First of all, let me start off by saying, you do have a point, to a certain extent. The iPhone is great. This review was not necessarily a stab at the iPhone, nor others, except the Blackberry Curve (a little bit). I am a Mac guy, and most of the technology I use is Apple-based. Having said that, I tend to agree with Morne in his comment about Android catching up quite quickly. I then also have to asK if you actually read this review properly? This review was looking for a pretty affordable phone for young South Africans, who want all (or most) of the options. If you can tell me where I can currently get an iPhone for R99 a month, and get R135 airtime, I will happily trade in my HTC and take up the offer. The HTC Wildfire is a fantastic phone for what you’re paying, and the applications and options are great. I think you ought to read something properly, such as this review, before looking like a doos on the internet. And, please, if you’re going to try and slander my review, try and be constructive, and more so, learn to spell -it makes you look even more stupid.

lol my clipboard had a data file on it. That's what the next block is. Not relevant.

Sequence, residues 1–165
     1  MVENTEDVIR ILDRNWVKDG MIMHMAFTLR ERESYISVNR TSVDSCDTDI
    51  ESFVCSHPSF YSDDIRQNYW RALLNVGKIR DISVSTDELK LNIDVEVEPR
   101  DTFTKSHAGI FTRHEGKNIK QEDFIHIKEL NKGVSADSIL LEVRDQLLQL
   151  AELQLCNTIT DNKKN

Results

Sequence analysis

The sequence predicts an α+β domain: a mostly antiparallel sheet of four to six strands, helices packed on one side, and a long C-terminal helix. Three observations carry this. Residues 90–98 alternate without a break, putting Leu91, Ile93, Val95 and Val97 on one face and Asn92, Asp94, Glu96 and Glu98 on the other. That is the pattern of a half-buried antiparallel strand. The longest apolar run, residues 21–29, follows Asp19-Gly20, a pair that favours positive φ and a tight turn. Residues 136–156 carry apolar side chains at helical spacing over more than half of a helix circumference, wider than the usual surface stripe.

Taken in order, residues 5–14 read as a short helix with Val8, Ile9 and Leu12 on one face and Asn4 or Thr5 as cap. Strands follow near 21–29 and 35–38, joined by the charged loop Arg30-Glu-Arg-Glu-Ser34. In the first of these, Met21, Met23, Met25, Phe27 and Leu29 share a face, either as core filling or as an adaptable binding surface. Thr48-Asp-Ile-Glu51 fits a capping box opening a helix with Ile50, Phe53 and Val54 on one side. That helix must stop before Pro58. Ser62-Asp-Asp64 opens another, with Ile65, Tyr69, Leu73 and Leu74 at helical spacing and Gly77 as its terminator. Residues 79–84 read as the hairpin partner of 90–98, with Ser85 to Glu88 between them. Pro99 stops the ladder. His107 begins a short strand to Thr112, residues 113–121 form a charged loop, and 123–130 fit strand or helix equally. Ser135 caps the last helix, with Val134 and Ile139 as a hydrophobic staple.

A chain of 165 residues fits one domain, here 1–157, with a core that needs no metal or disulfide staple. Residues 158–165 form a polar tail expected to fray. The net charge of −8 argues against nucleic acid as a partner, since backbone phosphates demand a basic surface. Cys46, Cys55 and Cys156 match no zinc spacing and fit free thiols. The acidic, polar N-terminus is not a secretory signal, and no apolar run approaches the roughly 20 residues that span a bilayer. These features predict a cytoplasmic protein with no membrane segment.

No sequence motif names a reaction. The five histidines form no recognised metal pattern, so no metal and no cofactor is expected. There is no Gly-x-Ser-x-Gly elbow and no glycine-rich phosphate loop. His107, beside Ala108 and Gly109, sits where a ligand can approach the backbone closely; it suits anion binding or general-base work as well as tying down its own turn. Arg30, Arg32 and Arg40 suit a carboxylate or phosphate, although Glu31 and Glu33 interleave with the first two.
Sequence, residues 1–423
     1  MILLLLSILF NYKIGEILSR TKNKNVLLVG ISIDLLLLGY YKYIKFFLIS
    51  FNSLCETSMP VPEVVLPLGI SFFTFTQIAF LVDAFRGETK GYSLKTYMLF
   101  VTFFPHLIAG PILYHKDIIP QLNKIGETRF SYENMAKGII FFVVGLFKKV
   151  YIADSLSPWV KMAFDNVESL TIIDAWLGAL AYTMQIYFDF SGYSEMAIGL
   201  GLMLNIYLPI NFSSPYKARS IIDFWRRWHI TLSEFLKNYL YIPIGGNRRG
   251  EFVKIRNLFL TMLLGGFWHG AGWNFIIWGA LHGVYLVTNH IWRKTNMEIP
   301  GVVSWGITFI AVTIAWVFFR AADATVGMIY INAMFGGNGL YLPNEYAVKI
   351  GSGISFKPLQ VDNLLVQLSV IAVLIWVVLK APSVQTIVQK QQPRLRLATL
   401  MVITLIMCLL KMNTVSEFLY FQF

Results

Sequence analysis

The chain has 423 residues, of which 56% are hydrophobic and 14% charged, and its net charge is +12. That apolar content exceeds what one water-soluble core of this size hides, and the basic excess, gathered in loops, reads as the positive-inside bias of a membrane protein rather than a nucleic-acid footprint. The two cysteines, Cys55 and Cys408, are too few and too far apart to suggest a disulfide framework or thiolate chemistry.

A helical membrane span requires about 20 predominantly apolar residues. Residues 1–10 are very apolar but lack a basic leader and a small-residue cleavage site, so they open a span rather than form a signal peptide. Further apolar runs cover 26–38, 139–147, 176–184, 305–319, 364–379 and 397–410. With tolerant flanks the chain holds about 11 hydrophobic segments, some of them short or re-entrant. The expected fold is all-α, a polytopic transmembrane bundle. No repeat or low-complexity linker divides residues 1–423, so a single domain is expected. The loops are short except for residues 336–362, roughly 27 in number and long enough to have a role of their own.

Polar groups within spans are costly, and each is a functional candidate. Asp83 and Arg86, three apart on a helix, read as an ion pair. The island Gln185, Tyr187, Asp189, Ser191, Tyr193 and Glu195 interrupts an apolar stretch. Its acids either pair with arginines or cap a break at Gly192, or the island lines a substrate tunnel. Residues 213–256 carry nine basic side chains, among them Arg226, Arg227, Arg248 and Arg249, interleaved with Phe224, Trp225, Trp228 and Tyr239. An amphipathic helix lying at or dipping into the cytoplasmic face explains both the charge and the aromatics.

jD

    • Charl Gottschalk

      Even though I didn’t like my android phone, and don’t think I’d own one again soon, it is true that many android phones are good value for money. It’s gonna be a while before android can really compete with iOS, but, we are willing to wait.

      I liked your review. I found it informative and not as “techy” and full of buzz words like most. You highlight what we want to know…

      Thanks.

  • Jonathan Duguid

    Hi Charl,
    Thank you for your constructive feedback, unlike our friend Matt. I’m glad you like the review, and I’m sure our readers will benefit from your input into this discussion. As I said to Matty, if the iPhone was available on the same package that my HTC Wildfire is on, I would snap it up in a second, as I know it is a far greater phone. I think your advise on the Samsung Galaxy will also aide Morne in his decisions about getting a new phone. Thanks for your comments.
    jD

    • Charl Gottschalk

      Only a pleasure jD.
      Maybe I can gooi in a little “tech”, just in case someone took our friend Matt seriously.